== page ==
Surrounded by gifts = "votive offerings"
-
Painters struggled with the face of the Virgin -the painter falls into a stupor and
wakes up to a shining face/an angel who has painted it
This was interpreted as God himself painting the picture, so the face itself
was not created by human
Woodcut showing God painting the Virgin's Face
This was sacred matter (fresco)
The virgin personally liked this image: Virgin operating through the city
-
Angel Gabriel from behind God with the painting
-
Still an active site of devotion, with masses said every hour
-
Reproductions
Most frequently reproduced image in Renaissance Florence; copies were made
in different sizes and media, and some were given as gifts by the Florentine
ruling Medici family
-
Interesting Questions:
-Why are some places, objects, and images considered to be "more sacred" than
others?
-How is it that supernatural powers are thought to operate in and through the
materiality of the world, particularly images?
Clearwater, Florida
-Dec. 17, 1996 Apparition
-Virgin Mary "appears" in the window
-450,000 people visited over Christmas period
-"Apparition" in the Catholic Christian tradition
1997 solvents thrown on the window effectively dissolving the images;
upper panes of glass intentionally shattered in 2004
-Catholics believed it was an appearance by the Virgin Mary through the
materiality of the glass and showed herself
Continuation of the Virgin Mary operating through images
§Not everyone accepted the claim
Notion: sights through which images manifest
Places of Conflict: power, authority, supernaturalism
What does this all have to do with "art" and "art history"?
Everything
-Across cultures, representational images are considered to be designated sites
"in and through" which supernatural forces operate
-Images perceived to be sites of sacred immanence, because of their potency,
often come under intense scrutiny and challenge. During the Protestant
Reformation in Europe, miraculous images were associated with "idolatry"
-This type of image also challenges the traditional categories that art historians
tend to work with
Site for material oppression -gifts pile up and the church gets richer
§Protestant reformation
III. "Miraculous Images" and the "Canon" of Renaissance Art
The Italian Renaissance "Canon"
-Botticelli, Michelangelo, Leonardo
Traditional Renaissance Art History
-Privileges "quality"
-Values artistic innovations in the period like perspective, naturalisms, new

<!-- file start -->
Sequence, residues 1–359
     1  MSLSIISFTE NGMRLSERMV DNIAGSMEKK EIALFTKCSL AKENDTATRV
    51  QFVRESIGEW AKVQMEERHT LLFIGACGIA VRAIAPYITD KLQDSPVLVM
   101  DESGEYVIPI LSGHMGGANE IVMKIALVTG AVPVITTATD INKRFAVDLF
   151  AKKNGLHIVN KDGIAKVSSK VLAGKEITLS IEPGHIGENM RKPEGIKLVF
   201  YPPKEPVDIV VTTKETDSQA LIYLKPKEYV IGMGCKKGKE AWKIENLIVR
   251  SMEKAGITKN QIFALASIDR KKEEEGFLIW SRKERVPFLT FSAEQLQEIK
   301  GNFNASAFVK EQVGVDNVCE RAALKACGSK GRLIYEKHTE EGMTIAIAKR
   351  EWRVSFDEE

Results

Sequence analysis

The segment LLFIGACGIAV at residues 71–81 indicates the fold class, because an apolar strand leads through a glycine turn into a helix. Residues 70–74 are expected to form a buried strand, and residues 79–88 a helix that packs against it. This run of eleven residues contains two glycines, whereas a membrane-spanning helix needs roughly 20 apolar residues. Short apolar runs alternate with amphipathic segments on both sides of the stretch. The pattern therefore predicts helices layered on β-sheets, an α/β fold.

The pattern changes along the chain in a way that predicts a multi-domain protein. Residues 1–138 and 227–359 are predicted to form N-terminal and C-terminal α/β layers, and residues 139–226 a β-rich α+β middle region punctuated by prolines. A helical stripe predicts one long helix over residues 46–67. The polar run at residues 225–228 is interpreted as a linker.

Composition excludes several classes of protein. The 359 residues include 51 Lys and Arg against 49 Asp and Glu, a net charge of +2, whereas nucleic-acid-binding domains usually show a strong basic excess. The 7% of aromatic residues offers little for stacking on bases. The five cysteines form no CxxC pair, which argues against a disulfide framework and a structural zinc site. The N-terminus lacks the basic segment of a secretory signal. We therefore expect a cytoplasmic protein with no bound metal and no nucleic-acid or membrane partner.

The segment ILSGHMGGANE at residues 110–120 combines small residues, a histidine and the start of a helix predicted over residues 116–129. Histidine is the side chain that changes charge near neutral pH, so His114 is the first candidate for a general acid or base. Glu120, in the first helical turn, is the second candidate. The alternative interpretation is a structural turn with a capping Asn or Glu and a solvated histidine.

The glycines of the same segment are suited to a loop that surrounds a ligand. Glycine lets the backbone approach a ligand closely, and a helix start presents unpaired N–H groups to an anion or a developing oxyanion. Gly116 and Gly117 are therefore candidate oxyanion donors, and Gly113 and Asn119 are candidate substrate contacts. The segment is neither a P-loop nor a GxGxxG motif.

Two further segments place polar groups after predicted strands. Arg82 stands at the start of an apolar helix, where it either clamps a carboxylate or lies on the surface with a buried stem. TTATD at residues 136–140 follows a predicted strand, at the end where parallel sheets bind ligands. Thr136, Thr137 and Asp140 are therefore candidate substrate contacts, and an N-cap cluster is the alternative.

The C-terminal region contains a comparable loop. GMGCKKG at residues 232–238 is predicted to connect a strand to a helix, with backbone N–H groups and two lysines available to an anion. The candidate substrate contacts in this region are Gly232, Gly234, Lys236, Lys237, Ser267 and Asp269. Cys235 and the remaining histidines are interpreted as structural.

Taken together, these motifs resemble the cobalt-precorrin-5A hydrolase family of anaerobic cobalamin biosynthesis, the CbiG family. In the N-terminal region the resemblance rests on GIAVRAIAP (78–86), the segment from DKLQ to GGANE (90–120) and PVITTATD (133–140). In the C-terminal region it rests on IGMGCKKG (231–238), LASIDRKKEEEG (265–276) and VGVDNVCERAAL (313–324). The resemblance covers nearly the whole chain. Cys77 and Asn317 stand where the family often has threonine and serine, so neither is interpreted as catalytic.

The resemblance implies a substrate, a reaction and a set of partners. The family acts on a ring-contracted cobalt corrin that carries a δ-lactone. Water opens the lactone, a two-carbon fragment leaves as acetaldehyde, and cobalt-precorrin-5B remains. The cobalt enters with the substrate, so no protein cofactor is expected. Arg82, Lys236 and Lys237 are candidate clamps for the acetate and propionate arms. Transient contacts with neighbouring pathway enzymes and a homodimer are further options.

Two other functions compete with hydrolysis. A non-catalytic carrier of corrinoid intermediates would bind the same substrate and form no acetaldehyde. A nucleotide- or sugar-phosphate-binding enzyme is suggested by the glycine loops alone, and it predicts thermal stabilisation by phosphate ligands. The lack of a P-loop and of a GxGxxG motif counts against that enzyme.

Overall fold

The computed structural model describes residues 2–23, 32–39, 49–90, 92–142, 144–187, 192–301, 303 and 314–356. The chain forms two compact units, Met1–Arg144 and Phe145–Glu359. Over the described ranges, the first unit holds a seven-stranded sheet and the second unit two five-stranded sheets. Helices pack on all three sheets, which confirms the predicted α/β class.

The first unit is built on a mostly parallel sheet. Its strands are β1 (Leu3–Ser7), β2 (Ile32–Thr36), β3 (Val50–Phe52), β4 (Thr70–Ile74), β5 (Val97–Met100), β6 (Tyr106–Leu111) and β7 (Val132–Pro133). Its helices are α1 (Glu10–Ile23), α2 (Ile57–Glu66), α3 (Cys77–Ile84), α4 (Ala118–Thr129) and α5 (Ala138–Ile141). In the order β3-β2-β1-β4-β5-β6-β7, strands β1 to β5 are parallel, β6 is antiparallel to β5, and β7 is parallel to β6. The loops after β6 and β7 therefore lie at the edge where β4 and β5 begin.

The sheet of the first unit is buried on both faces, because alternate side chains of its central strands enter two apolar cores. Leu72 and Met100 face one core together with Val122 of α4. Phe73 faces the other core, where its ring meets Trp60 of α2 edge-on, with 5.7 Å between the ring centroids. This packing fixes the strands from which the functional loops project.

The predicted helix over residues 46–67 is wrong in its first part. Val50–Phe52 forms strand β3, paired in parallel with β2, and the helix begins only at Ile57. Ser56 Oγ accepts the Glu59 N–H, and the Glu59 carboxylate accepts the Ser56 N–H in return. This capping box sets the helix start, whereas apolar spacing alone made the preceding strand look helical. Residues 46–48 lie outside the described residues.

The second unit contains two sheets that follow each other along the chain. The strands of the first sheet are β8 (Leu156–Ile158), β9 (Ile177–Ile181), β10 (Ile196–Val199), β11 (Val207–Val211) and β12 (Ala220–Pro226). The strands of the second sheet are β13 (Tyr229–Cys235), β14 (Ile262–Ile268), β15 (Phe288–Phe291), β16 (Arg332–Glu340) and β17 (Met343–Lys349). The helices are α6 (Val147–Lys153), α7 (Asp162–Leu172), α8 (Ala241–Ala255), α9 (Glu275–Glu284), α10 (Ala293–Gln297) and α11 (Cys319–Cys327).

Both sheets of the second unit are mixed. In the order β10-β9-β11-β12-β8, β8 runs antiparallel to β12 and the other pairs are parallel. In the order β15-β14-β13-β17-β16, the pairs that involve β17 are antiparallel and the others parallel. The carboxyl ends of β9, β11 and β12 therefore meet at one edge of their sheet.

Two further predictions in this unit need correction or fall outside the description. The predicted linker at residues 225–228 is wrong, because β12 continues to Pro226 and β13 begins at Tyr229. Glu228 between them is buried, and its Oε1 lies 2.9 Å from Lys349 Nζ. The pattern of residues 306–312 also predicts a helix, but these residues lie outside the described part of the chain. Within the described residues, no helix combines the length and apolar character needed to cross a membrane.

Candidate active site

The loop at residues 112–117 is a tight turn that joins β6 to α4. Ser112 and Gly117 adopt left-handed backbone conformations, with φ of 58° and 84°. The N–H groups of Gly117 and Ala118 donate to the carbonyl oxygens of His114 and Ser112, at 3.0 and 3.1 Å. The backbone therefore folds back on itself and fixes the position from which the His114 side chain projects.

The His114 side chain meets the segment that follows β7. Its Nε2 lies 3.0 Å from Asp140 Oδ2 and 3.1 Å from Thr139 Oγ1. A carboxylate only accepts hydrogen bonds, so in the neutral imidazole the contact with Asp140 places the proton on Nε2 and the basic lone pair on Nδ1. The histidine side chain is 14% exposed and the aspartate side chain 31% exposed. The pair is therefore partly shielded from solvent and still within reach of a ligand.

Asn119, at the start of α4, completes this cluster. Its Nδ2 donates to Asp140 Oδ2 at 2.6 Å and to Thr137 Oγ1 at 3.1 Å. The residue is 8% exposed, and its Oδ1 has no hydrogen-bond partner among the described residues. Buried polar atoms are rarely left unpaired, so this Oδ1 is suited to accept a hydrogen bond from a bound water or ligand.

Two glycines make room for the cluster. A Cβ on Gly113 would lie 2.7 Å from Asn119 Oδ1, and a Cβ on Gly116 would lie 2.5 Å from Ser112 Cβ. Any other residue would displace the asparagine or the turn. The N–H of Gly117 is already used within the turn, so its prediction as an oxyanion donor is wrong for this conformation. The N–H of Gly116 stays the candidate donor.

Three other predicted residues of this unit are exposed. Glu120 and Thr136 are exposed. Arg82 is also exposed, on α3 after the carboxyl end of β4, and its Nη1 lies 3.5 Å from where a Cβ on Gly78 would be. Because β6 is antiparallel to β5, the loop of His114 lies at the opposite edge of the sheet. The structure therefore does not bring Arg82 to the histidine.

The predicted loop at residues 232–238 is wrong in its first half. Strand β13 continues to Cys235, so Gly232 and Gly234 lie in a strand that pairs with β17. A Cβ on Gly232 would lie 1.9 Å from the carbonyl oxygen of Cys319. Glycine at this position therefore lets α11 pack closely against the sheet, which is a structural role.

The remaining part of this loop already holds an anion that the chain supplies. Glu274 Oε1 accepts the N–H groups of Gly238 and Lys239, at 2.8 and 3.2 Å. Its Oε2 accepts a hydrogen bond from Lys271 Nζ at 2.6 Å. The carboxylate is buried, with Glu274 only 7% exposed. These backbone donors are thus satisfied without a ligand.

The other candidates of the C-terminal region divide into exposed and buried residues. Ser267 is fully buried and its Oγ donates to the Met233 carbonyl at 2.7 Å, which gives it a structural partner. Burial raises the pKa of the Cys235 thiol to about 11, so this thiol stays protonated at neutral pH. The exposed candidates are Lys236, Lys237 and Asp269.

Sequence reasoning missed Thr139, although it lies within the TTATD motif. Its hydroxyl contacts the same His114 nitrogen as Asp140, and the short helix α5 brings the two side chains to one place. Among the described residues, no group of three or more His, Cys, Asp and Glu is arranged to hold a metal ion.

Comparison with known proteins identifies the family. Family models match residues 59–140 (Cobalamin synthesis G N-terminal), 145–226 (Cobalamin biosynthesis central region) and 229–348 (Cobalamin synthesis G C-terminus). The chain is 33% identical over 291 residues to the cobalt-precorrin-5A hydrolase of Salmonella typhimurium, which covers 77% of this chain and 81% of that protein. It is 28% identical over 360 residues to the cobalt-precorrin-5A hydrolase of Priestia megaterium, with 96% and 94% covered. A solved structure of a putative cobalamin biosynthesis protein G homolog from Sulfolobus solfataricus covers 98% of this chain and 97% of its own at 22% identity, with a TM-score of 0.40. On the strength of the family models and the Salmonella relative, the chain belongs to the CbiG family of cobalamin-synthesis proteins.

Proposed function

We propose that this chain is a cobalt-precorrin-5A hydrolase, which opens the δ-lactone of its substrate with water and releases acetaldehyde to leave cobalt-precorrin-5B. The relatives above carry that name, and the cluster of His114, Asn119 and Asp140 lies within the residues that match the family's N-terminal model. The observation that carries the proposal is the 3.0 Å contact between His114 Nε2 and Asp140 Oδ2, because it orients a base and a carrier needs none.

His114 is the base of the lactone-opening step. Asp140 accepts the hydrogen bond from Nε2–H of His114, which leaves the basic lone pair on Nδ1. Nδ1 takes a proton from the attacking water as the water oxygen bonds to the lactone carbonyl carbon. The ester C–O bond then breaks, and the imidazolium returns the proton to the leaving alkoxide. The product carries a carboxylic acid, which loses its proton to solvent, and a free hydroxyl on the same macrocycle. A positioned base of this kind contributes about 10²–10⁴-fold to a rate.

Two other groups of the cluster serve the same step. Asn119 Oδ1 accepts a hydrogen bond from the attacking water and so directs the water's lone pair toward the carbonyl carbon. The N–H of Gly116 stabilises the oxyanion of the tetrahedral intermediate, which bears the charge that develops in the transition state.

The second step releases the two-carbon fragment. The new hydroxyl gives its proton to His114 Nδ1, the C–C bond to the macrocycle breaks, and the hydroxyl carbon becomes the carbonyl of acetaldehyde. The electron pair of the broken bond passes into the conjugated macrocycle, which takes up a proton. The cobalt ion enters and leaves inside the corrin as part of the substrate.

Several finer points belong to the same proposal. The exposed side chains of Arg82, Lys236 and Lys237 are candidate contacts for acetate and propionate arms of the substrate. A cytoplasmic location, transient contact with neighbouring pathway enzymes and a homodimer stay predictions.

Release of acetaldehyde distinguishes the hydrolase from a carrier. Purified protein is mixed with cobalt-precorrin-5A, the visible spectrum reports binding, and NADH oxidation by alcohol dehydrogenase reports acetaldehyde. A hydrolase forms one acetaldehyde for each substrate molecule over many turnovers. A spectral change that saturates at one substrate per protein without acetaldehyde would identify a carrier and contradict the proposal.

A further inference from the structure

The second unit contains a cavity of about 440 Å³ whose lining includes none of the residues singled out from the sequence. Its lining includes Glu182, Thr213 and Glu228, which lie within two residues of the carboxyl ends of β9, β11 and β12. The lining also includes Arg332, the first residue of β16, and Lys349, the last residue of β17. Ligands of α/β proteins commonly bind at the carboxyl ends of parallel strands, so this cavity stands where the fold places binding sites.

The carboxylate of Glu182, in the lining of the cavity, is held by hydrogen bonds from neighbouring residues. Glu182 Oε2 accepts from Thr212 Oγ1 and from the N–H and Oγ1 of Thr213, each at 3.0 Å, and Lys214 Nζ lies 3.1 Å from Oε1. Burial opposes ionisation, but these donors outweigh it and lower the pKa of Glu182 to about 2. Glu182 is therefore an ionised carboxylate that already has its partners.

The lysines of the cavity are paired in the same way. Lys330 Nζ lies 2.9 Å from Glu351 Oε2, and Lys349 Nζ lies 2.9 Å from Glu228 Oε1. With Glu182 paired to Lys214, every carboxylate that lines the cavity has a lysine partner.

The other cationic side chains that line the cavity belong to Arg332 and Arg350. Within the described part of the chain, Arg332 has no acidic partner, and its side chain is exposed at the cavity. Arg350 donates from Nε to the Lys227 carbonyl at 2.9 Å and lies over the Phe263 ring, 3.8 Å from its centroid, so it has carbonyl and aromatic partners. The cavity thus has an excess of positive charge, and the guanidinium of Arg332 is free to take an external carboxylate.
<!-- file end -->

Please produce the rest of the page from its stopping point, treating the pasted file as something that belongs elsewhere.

interest in classical antiquity, etc.
Naturalism -study the natural world translated into the art world
-Interested primarily in great masters and influential patrons
-Prefers masterpieces in good condition
Condition -miraculous images have lower quality because so many
people come to see it and touch it
You are to show your respect by continually beautifying the paintings
§The most important painting from Rome was studied to see the
work without the updates and there was almost nothing left in the
end
-Focuses on artists as inspired interpreters
Showing the art to the embassy in Japan -stampede happened to go see
the art
-This painting does not make it into the so-called "canon" of great works in the
Renaissance
There were over 40 highly valued miraculous images in the city of Florence in the
Renaissance
-We need to come up with new categories with which to evaluate these kinds of
images
-Acknowledge 40 to emphasize the elite commission
Different forms of viewing images and socioeconomic classes
-Virgin responding with her face and agreeing with God
Dialect
What are the characteristics that make this a highly value "miraculous image"?
Annunciation
-Foundation legend of the cult: face of the Virgin "not made by human hand" -a
"sign" from God privileging this sacred image
-A history of efficacy -safety of Florence, recovery from illness
-Visual signs of enshrinement and votive offerings
-Dialectic of intimacy and distance in viewers' experience
The Virgin is agreeing with God
-Made of more "humble" fresco
The painting is easily accessible and not exclusively for big patrons
-Formal Features:
Suggest intimacy between the viewer and sacred subjects
Suggest active agency of religious figures (animated face of Virgin)
Italian Renaissance "Canon"
-Should be studied in relation to a fuller range of representational object from the
period, like "miraculous images"
SS. Annunziata -Botticelli, Michelangelo, Leonardo
Another miraculous image in Renaissance Florence:
-"The Madonna dei Ricci"
-Painted circa 1490, cult 1501
Story about how this particular painting acquired a reputation for being
"more sacred" than other religious works of art in Florence
Inscriptions
-"Antonio di Giovanni Rinaldeschi, a Florentine nobleman, playing at dice in the
"Tavern of the Fig", lost money and clothe, and was overcome by anger"
-"Encourages by the devil, he gathered horse manure"
-"He threw the manure in the face of the Beatified Virgin, swearing, and the fled
into the countryside"
The profane dung was said, miraculously, to have left a stain like a rose
(no longer visible) on the face of the virgin
-"Prayer addressed by Antonio Rinaldeschi to Jesus Christ: My Lord Jesus
Christ, have mercy on my soul"
-"At the seventh hour of the night, he was hanged at the window of the
Magistrate's building and buried on the feast day of Saint Mary Magdalene"
Annunciation painting becomes a "Miraculous Image"
-Miraculous image as a mediator of social experience in Renaissance
(02.08.17.) Miraculous Images in Renaissance
Sunday,(March(19,(2017 8:17(PM